I was in Kapadokya (Cappadocia) for the second time in my life. It was just as impressive as the first visit.
The towering rock structures carved into by generations of monks, the hundreds of hot air balloons that rose into the air at dawn, the buildings stacked one on top of another as we climbed the winding streets higher and higher to our hotel, the valleys that ruffled the landscape below, the thousands of lights glittering between them after the sun set.
Kapadokya was beautiful. This time, though, the atmosphere was different. In May the air was hot but still with a touch of humidity. Now the world had cooled and a summer of stingy rains left the whole region covered in a layer of dust. The cool of the morning hinted at autumn, but by noon I was sweating in short sleeves.
Beyond the change in temperature, the mood of the region had changed. Before it had felt festive because of summer holidays and tourists. Now the excitement in the air stemmed from expectation. Farmers drove in trailers with sheep in the back. Restaurants closed early so that in the morning, the proprietors could join their families in the mosque. We were in Kapadokya during Kurban Bayramı, a holiday that takes place at the end of the Hajj (the pilgrimage to Mecca) and serves as a remembrance of Abraham’s devotion to god and willingness to sacrifice his son before god provides a substitutionary ram. During this holiday families get together and sacrifice a sheep, or even a cow or bull, to Allah. After the sacrifice, the women cook, the men socialize, and the following days are spent visiting family and friends. Families can’t sell any of the meat from their sacrifice; that would defile it. Instead, they give it away to friends and neighbors as a gift.
Our first full day in Kapadokya was the day when people would be sacrificing their animals. We decided to take a walk after breakfast to see if we could find a sacrifice in progress. In larger cities like Ankara, where I was living, there were designated sacrifice areas. But in Kapadokya, many families sacrificed their animals in their courtyards. As we walked, we could hear the dying sighs and grunts of animals from behind closed gates. From other houses we merely caught the whisper of a garden hose, the water washing blood down a drain in the center of the courtyard.
At one house, a curious man was peeking over his neighbor’s gate. We decided that if a Turk could be nosy, we could be nosy too. A few in our group, myself included, walked over to the gate and tried to peek over. It was a little tall for me, so I backed away, unable to catch a glimpse of the ritual happening inside. Then the others stepped back and the gate opened. A Turkish man greeted us and invited us in.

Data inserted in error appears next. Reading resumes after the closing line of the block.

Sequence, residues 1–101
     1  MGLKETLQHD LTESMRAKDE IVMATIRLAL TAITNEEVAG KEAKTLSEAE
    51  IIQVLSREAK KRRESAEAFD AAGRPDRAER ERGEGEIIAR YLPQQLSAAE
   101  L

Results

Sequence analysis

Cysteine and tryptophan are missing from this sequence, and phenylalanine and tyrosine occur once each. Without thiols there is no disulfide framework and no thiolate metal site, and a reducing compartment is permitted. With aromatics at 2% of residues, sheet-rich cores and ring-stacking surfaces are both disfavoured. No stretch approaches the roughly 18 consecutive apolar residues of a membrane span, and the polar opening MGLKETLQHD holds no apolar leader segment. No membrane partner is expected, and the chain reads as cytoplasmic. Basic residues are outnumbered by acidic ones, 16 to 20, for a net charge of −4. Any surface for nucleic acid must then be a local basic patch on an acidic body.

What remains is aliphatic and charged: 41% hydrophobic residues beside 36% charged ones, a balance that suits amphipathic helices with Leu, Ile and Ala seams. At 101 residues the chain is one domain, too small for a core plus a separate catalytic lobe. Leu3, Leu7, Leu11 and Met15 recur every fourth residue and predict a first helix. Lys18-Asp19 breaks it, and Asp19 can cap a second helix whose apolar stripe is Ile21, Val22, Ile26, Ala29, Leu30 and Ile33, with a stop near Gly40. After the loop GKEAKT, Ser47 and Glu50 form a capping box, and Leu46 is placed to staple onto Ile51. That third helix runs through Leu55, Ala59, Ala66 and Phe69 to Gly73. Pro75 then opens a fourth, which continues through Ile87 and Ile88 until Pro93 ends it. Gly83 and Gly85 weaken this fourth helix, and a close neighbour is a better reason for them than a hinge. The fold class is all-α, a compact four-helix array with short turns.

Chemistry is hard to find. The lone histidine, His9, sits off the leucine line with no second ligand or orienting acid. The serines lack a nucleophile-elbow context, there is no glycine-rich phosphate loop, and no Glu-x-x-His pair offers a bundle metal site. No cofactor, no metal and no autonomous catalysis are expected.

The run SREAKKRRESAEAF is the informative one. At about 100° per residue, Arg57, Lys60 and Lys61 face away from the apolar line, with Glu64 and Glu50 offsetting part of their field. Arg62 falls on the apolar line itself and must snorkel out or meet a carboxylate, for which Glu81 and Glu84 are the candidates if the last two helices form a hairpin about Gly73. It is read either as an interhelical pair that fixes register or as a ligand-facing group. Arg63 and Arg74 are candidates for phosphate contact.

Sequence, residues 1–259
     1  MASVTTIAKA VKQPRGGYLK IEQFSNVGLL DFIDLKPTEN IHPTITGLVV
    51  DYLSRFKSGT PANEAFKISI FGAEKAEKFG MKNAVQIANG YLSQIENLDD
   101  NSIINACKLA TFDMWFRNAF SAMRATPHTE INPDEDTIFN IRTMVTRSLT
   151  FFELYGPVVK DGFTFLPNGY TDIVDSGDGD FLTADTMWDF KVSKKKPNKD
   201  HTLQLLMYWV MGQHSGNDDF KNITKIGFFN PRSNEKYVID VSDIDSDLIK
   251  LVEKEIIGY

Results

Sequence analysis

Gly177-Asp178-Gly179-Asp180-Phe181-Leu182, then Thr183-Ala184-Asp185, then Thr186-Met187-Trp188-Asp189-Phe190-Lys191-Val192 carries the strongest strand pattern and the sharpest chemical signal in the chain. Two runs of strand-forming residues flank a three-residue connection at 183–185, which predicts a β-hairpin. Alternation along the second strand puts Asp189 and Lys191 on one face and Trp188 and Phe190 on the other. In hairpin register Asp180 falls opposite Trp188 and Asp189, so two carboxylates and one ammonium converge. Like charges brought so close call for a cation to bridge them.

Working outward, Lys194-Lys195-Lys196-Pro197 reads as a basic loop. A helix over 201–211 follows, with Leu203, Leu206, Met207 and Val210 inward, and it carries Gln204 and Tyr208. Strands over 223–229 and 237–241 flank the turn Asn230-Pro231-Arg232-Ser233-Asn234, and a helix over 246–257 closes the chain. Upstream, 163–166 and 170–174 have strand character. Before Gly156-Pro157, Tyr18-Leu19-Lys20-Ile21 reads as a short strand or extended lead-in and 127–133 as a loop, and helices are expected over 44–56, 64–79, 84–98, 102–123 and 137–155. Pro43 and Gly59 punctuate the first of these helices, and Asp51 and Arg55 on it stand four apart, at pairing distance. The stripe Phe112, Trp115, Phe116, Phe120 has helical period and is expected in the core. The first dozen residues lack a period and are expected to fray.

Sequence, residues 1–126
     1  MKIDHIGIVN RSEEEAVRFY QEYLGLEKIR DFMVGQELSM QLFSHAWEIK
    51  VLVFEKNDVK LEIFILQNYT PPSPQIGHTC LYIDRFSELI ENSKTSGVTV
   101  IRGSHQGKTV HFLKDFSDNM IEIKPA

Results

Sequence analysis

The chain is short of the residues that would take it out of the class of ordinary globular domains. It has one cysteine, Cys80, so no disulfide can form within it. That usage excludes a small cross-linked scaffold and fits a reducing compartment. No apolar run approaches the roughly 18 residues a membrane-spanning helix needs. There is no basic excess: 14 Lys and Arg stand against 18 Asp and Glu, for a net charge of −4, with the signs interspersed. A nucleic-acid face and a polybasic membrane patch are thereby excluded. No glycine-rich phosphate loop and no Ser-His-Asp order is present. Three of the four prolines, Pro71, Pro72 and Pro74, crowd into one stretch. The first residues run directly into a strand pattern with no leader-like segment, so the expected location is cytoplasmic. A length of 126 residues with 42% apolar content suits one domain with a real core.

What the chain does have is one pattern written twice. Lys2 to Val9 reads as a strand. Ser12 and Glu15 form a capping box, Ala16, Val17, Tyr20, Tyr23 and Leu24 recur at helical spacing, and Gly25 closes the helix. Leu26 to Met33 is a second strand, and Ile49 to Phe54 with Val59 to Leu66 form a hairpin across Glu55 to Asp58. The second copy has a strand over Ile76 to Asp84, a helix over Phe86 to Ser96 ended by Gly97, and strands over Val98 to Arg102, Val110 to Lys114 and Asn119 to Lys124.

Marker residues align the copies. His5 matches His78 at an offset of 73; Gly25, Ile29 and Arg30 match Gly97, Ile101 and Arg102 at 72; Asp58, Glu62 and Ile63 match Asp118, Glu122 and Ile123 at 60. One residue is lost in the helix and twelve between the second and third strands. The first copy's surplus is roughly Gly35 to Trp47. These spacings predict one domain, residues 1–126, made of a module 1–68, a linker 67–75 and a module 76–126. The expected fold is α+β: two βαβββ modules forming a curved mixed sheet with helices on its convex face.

The house was modest, so I rounded the open gate expecting to see a sheep. Instead, I found myself standing by a cow, its feet chained, laying on its side. A few men were holding it, the women stood watching by the kitchen steps. Efficiently, one man went to work. He sliced its neck, they said a blessing, and then he positioned the cow’s partially detached head so that the blood would drain out well. The cow twitched a bit, it huffed and wheezed, its bowels loosened. They let a couple people in our group take pictures, we thanked the family, and we left.
Driving out of the city that morning, headed to our next destination, we passed a couple more cows in the street. These had been skinned and were about to be broken down into manageable pieces. In front of one home, an older man sat in a chair watching his sons finish skinning their cow. Some of the blood was making its way down the cobblestone road. One of his sons noticed and quickly poured a pile of sand to absorb the blood before it had a chance to ruin his father’s shoes.
It was sad, of course, to see an animal die. But I eat meat often, and I think the way that cow died was probably more humane than the way the chickens that make up my chicken nuggets were slaughtered. I felt some sadness after watching the sacrifice that day, but it really was a learning experience more than anything. Curiosity was the overwhelming emotion.
My moments in that family’s courtyard were a time where I felt distinctly foreign, more so than when I stumbled over a Turkish word or struggled to find my way in a new part of a city. To Turks, the ritual sacrifice for this holiday was not horrifying or repulsive or brutal, as it would be to many Americans. Rather, it was celebratory. It was an offering to god that began a time of gratitude, rest, and community.
I’m glad I got to experience this holiday. It deepened my understanding of Islam and Turkish culture. But I’m also glad that I didn’t have to stick around for the clean-up.
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